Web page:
Maldivian FM: World facing worst cost-of living crisis in a generation

Minister of Foreign Affairs of Maldives, Abdulla Shahid speaks during the UN Security Council meeting on "the impacts of climate-related disasters on international peace and security" on January 25, 2019. (Photo/Twitter/Abdulla Shahid)

The culminative impacts of crises including the Covid-19 pandemic, climate induced shocks and conflicts – including the ongoing Russia-Ukraine war have jeopardized global food security and created the worst cost-of living crisis in a generation, states Maldivian Foreign Minister Abdulla Shahid.

He made the comment in his remarks at the 50th Plenary Session of the Committee on World Food Security on Monday.

Shahid said the international community must work in a coordinated manner to enhance country-led responses to the crisis, both in terms of immediate responses and long-term solutions.

He said the solutions must draw inspiration from and aspire to meet the targets outlined in the 2030 Agenda for Sustainable Development.

“In the short-term it is vital that we stabilize prices and accelerate supply chains. In the long-term we must work together to transform our agricultural practices and food systems, so that they are more resilient, fair, sustainable, and inclusive,” he said.

Shahid said that it was in recognition of the need for a coordinated short term and long-term response, that as the President of the 76th Session of the UN General Assembly, he convened with the Committee on World Food Security, a high-level special event entitled “Time to Act Together: Coordinating Policy Responses to the Global Food Crisis” on July 18.

The event brought together member states, civil society, the private sector, and other relevant stakeholders, to foster coordinated global policy responses to the current food crisis.

“What became clear from the event was that there is convergence around the core elements of what would comprise an integrated response to address the cost-of living crisis we face and enhance food security,” he said.

Shahid said it included:

  • Addressing the humanitarian context, by ensuring that even the most vulnerable have affordable access to food.
  • Stabilizing markets and commodity prices and avoiding unnecessary trade restrictions.
  • Encouraging local production, by supporting and protecting smallholder and family farmers, cooperatives, and SMEs, while reducing food loss and waste.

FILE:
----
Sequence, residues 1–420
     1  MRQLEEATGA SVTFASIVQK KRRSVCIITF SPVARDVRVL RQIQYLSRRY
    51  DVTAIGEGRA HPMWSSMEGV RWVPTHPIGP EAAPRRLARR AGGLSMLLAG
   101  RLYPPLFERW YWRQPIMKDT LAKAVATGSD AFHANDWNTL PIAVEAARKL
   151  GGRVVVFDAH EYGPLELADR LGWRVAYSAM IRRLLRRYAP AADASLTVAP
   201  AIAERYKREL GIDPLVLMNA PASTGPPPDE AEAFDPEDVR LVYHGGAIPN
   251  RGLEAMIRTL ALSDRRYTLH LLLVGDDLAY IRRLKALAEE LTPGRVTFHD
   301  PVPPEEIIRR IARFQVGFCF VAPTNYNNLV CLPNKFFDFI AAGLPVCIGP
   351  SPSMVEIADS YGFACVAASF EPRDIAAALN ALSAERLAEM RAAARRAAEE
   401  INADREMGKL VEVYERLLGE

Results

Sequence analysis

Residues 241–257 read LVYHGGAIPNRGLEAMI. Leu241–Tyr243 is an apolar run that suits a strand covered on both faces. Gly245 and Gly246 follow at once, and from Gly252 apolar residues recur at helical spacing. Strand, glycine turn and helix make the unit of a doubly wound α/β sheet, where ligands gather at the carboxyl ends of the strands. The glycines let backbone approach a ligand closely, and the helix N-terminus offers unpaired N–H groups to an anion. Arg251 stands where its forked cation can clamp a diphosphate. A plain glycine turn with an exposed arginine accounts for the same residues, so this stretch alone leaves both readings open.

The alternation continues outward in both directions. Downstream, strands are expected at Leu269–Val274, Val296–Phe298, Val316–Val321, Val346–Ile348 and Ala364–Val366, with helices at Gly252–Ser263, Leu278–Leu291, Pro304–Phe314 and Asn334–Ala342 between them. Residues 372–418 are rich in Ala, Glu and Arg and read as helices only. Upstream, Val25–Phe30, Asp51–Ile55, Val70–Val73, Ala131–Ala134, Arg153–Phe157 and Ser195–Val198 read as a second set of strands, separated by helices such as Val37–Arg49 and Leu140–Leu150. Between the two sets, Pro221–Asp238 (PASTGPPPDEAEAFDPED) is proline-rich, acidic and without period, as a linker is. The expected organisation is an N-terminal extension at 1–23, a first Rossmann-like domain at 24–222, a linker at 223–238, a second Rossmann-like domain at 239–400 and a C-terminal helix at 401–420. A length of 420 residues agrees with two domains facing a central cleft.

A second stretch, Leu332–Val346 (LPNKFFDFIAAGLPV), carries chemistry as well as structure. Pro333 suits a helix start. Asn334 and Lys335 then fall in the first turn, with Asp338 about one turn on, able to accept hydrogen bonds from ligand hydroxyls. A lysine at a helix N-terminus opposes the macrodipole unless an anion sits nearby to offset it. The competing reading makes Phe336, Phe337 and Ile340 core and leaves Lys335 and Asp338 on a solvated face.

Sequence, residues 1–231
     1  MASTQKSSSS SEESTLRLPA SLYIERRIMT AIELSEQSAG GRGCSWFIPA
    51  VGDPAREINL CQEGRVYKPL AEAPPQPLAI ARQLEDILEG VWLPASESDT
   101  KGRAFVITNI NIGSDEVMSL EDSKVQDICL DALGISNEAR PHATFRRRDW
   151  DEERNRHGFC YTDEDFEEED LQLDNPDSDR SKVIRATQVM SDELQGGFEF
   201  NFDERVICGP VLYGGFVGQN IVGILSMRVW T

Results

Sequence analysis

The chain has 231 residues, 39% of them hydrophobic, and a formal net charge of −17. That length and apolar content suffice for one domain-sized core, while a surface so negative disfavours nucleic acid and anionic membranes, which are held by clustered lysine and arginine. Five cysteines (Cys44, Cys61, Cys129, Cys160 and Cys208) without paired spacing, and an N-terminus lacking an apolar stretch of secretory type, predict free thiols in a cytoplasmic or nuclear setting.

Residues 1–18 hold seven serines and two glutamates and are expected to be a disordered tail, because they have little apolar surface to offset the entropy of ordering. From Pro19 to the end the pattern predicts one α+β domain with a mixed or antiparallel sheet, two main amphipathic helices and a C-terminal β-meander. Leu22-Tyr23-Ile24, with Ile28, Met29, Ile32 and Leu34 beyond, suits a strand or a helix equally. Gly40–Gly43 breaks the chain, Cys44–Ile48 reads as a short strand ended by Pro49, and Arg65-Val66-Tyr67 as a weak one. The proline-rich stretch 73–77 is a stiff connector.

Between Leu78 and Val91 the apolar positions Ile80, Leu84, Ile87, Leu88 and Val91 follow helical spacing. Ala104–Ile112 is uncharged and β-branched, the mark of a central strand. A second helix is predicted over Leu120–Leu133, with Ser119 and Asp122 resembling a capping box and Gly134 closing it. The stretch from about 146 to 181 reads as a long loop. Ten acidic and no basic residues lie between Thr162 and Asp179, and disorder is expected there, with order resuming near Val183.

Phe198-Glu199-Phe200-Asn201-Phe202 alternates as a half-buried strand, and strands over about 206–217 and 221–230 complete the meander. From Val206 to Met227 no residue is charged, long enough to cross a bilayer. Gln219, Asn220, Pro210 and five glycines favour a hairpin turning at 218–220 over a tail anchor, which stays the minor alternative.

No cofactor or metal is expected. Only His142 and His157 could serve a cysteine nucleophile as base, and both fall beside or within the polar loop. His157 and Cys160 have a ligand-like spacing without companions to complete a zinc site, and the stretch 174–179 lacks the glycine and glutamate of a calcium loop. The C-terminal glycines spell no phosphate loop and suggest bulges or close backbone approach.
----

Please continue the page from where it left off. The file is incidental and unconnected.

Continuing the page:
• Restoring the availability and affordability of inputs including fertilizers; and advancing agricultural efficiency through innovative approaches.
  • Reinforcing social protection systems.
  • Equipping countries with the necessary financial resources, including making financing available as well as affordable, and alleviating debt burdens.

Shahid noted that the Maldives, like other SIDS that are import-dependent have been severely affected by the cost-of-living crisis, even as the adverse effects of the Covid-19 pandemic on the Maldivian economy continues.

“While we have social protection schemes to protect our most vulnerable, we cannot sustain them without more revenue,” he said.

Shahid also noted that Maldives does not have sufficient land for mass agriculture, and are dependent on global supply chains.

“We are also grappling with the climate crisis. We are determined to do our part, for instance by transitioning from fossil fuels to renewable energy – yet we can only succeed with the requisite financing, and the collective global will to contain and reverse climate change,” he said.

According to Shahid, it is estimated that in just over two years, the number of people experiencing severe food-insecurity doubled from a pre-pandemic figure of 135 million to 276 million.

The ongoing Russia-Ukraine war is expected to drive this number to 323 million in 2022, he said.

“The challenges we face are borderless in their dimensions and profound in their scale. We must work together because isolated solutions cannot meet the demands of this moment,” he said.